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Bongwe sends safaris to various camps in Mushingashi and the main camp has little chalets with thatched roofs, so you can basically overlook the river from your bed. This camp was under renovation at the time of our safari – one of the side effects of visiting Zambia in June just before the season kicks off.

Hello, King of Animals

But let’s get back to our search for lions. The Mushingashi nature reserve lies just next to Kafue National Park; there is no fence between the two, so that animals can roam wherever they want. Kafue is Zambia’s largest national park and sadly resources to employ guards to protect animals from poaching are scarce. However, that means that many animals prefer to live on nature reserve land. Mushingashi is privately owned and employs many guards to hunt for illegal poachers. There are at least two groups of lions resident in the reserve – a group of females and two lion brothers hunting together. Our chances to see either cubs or a male lion in full pride were excellent. Finally we hear a roar in the distance. The brothers are close. The sun is still standing low and has not reached its full potential yet. After a cold night the lions are very likely to relax in morning sun. We drive on, turn some corners and listen as the roaring grows louder. And then, like out of nowhere, we see the lions lazily lounging underneath a tree, the sun ticking their noses. We go as close as appropriate, turn off the engine and gaze in awe. Real. Wild. Lions. Mind blown.

Of course we don’t go unnoticed, but Jairos shows no sign of reaching for his gun just yet. The lions stare at us for a few moments, turn their heads and continue to roar in turns to mark their territory. They know the humans in the reserve are there to protect and look at them – the guards must be doing a great job.

Nothing can describe the feeling of watching these majestic wild animals in their natural habitat. I forget everything around me, especially the desire to see lion cubs playing with each other or witnessing a fast-paced hunting scene. It doesn’t matter anymore – this is better than a nature documentary on TV.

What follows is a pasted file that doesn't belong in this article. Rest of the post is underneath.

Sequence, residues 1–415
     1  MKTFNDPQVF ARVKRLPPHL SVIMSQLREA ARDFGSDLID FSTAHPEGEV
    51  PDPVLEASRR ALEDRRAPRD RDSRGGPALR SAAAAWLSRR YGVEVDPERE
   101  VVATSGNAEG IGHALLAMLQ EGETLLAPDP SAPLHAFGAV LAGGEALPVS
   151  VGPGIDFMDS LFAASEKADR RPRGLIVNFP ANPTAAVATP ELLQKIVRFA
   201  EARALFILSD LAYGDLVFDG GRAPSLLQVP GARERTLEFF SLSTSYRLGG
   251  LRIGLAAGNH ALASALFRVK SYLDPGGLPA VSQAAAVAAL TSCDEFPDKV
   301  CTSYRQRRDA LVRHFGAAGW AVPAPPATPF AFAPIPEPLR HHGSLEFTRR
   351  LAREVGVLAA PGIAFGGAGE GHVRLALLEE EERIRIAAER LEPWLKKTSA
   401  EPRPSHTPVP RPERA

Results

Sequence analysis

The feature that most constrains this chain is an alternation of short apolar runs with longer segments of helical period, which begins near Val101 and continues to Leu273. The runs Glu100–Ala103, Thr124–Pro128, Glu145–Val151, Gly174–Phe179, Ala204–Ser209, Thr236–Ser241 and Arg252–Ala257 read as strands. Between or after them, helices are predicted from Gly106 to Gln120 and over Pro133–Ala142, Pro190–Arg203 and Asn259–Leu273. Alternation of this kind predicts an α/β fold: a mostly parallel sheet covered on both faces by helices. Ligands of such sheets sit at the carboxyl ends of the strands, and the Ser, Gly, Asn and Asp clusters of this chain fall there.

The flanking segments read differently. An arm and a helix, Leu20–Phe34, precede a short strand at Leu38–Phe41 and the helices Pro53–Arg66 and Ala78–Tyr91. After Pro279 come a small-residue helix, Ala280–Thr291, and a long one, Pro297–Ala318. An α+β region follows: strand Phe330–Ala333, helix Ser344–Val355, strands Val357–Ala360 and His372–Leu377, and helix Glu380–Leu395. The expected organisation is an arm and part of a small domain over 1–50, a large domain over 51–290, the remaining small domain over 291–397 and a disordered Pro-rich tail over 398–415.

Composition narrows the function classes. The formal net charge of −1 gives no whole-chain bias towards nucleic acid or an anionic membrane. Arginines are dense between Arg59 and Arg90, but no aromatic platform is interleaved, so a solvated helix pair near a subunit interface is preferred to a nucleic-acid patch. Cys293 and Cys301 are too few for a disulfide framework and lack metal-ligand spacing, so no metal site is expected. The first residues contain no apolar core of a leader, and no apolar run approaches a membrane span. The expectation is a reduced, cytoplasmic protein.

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On a side note: Having watched nature documentaries on the telly for most of my life, I was extremely unrealistic about what going on a safari entails. The most amazing video material you see in these films took weeks or months of preparation and patience in the bush; tailing animals for a long time to get one incredible shot. Not necessarily something you can achieve in 3-4 days… If you go on safari bring three things to avoid disappointment: patience, a telephoto or good zoom lens and an open mind as to which animals you will see and in which situations you will find them.

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Our safari in the Mushingashi reserve was a definite highlight in our three-week journey through Zambia and Tanzania, and Jairos proved to be an excellent guide for us – with 20 years of experience, eyes like an eagle and always up for a laugh. He explained all aspects of wildlife conservation and controlled hunting, and upon request recommended the following organisations in case you would like to support and donate to the wildlife protection in Zambia:

Conservation Lower Zambezi

South Luangwa Conservation Society

Kafue Conservation Project by Game Rangers International

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Have you been on a safari before? If so, what was your favourite animal encounter? I can’t wait to read your stories!

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All photos by Kathi Kamleitner.

Disclaimer: My dad and I were welcomed by Bongwe Safaris at half price. All opinions and experiences described are of course my own either way.